Review – Grow: Song of the Evertree
In spite of multiple attempts, I’ve never really gotten far into world-building games. I’ve dabbled in Little Dragon Cafe, Lego Worlds, Minecraft, all the standard affairs, and it just felt like it wasn’t for me. I don’t have patience or real interest in creation, and, in spite of being impressed with what others made, it didn’t spark the need to emulate that on my own end. Nor, have I found, do I care about simulations of the town building variety. Harvest Moon, My Time at Portia, even Nelke & the Legendary Alchemists, which specifically focused on my beloved Atelier series, never held my interest for more than a passing moment.
Which is why I decided I might be the best person to give Grow: Song of the Evertree a shot. People who love those other games might be polarized because this beautiful little game, created by Prideful Sloth and published by 505 Games, takes some elements from everything. It’s part building, part farming, part crafting and part exploration, and it does so all under the umbrella promise of being a relaxing game. Having no vested interest in the other titles I mentioned, I figured this was the perfect place to plop down and figure out where I really stood with this genre.
Good news: I hate it.
Grow: Song of the Evertree puts you in the shoes of an unnamed alchemist (I chose the name Earl) who has been tasked with helping to reflourish the important Evertree. The pivotal center of a magical world called Alaria, the Evertree was infected by a noxious growth called The Withering, and it drove off all the people, animals and foliage that was once found, abundantly, around its roots and in its boughs. The Alchemist Earl is aided by two entities: Book, a talking book, and Coppertop, some kind of sentient potion. Together, they help to coax you along your journey to slowly but surely repair and rekindle the Evertree and the world around it.
The Alchemist will eventually meet the Everkin, a group of mythical beings who will help you with construction and clearing (for a price), and your efforts will attract others to finally come back and live in the world that was once teaming with species and people from around the world. More efforts will net you more World Seeds, which help to grow additional areas to maintain, clean and harvest from, breeding a larger, ever-expanding utopia for you and a slew of NPCS to enjoy and thrive within.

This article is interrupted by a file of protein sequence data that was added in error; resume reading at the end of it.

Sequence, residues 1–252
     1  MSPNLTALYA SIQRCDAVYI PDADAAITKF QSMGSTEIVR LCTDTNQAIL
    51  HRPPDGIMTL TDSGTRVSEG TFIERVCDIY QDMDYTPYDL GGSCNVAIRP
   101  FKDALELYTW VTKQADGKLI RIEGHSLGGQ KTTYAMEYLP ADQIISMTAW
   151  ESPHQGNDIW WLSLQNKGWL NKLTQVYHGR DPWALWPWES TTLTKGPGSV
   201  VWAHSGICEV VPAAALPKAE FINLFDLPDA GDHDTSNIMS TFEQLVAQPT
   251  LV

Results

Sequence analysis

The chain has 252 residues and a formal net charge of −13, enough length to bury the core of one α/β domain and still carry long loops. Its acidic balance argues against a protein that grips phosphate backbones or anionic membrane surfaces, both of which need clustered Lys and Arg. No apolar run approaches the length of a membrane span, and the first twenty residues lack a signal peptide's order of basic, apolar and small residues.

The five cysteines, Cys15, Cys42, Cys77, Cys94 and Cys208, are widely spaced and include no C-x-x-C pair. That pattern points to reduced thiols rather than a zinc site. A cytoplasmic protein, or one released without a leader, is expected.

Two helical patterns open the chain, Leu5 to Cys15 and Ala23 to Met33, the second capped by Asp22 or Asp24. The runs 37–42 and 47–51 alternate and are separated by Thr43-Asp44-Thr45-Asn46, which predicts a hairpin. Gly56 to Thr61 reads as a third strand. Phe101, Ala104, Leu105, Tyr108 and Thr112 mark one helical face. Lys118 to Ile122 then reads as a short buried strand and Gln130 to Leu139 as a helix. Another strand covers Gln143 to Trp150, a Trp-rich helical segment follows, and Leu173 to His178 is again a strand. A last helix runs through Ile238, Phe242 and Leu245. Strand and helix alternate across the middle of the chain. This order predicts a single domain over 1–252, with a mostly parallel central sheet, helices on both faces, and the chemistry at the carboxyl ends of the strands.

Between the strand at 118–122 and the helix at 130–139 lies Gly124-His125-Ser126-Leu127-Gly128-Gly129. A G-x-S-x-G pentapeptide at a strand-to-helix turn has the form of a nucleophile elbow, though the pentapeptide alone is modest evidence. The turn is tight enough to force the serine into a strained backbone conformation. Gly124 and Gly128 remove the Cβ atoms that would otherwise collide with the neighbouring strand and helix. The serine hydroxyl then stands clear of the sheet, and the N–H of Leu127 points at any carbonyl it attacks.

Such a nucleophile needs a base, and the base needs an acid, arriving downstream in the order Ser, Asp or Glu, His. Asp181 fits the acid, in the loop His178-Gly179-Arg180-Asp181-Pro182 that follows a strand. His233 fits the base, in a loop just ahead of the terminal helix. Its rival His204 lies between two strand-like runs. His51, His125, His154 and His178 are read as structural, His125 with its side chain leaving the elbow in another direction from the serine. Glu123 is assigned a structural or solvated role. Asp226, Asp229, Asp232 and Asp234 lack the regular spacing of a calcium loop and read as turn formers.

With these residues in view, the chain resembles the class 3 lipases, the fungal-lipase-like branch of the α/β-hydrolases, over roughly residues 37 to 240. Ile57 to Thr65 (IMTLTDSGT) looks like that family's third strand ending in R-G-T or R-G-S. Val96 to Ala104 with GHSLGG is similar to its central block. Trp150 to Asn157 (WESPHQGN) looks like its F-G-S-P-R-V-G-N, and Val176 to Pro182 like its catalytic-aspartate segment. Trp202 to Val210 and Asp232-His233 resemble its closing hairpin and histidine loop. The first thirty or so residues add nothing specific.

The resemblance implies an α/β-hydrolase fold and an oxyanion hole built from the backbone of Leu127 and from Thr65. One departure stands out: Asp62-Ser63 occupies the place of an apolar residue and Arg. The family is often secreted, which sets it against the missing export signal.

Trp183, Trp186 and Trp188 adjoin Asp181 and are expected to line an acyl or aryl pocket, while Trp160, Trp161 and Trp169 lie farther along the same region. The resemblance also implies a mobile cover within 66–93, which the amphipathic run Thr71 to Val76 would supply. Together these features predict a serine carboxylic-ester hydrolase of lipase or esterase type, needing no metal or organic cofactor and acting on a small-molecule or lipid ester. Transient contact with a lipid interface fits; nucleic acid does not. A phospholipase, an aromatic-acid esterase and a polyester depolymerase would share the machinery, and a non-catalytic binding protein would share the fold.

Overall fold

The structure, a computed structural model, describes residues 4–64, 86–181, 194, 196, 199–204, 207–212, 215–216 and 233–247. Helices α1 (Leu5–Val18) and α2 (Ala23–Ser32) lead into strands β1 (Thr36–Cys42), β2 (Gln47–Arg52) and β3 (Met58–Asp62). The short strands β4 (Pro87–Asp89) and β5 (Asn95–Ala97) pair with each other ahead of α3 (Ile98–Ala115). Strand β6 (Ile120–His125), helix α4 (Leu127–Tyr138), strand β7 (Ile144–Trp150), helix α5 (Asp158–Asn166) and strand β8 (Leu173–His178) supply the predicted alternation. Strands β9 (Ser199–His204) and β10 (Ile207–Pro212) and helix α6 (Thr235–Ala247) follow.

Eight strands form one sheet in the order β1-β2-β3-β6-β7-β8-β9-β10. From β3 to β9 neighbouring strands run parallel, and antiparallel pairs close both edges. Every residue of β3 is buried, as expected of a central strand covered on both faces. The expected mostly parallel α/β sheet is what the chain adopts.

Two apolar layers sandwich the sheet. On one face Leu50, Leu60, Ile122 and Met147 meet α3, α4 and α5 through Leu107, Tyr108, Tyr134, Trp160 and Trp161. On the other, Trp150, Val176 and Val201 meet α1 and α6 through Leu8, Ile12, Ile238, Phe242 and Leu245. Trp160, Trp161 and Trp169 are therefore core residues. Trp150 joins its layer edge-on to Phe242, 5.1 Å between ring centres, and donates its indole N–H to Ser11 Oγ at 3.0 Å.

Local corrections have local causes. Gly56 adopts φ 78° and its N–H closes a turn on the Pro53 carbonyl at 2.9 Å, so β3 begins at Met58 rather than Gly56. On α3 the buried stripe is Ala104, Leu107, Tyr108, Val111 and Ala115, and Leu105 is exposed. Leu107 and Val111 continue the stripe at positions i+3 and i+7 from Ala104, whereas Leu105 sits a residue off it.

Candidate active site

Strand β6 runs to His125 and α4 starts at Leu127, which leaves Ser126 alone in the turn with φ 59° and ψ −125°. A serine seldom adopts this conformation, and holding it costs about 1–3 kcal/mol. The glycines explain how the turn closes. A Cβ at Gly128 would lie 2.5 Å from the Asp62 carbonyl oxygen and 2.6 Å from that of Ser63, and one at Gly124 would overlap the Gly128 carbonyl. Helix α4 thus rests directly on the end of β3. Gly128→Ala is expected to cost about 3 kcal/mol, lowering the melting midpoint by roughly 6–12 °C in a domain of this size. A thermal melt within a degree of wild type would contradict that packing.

Grow: Song of the Evertree is a 3D, third-person world builder that seeks to approach the player by being relaxing, soothing and undemanding. There’s no combat to speak of, though you will occasionally need to wack an insect with a hammer to get the Withering off of it. While you don’t technically have a necessity to do anything, the game gently encourages you to fall into a routine of chores and tasks that crop up every day. Initially, you’ll just be taking care of a small plot of land in a very traditional renovation approach: pulling weeds, cutting tall grass, and singing to the plants that you seed.
Turns out the Alchemist is a one-in-a-billion person who can still access the titular Song of the Evertree, and you sing this to any plant, animal or structure that needs it in order to make it flourish and grow. As the land turns tame again, you’ll pick up a whole bunch of drops that come from everything, and the drops range from a currency needed to pay the Everkin to do work to new hairstyles and wallpaper for your houses. Then, as land gets even tamer, you’ll need to start building establishments for visitors to move into, and then build places for them to work. Eventually, you start coordinating everything in a rapidly expanding town that’s full of people content to be homeless but who would really prefer a domicile.
You will be instantly taken in by Grow: Song of the Evertree due to its positively delightful visuals. Anyone who got a chance to see Yonder: The Cloud Catcher Chronicles knows that Prideful Sloth does a fantastic job of creating bubbly and colorful games, and Grow is certainly no exception. Though the character creator is a bit bare bones initially, you get a chance to add a lot more as you discover additional hairstyles and clothing through accomplishing missions and tasks (of which Book is never lacking), and your character is as cute or gruff as you’d like them to be.
The actual world of the Evertree is lush and vibrant, with a massive variety in terms of trees, plants, berries, wildlife and people, ranging from the sinister spiky Withering bushes to the adorable creatures that slowly come back as the sickness retreats. There’s a really good reason why Grow takes a moment to introduce the camera feature: they know that people want to take screenshots often of what they’re accomplishing because it seriously looks GREAT. Playing on the Xbox One X means seeing the beautiful world rendered in stunning 4K, and Prideful Sloth really plays to their audience, at least on the console.
The audio element is incredibly hit or miss within Grow: Song of the Evertree. On one hand, the ambient soundtrack is meant to be peppy with meditative elements, allowing you to dive into your tasks whole hog and not really care about the passage of time or how many rocks you’ve smashed in order to pick up more Myora and raw materials to melt down into Essence so you can make more stuff later. On the other hand, without any voices to speak of (definitely not a problem), it’s very apparent when there’s stuttering and sudden breaks and loops in the audio.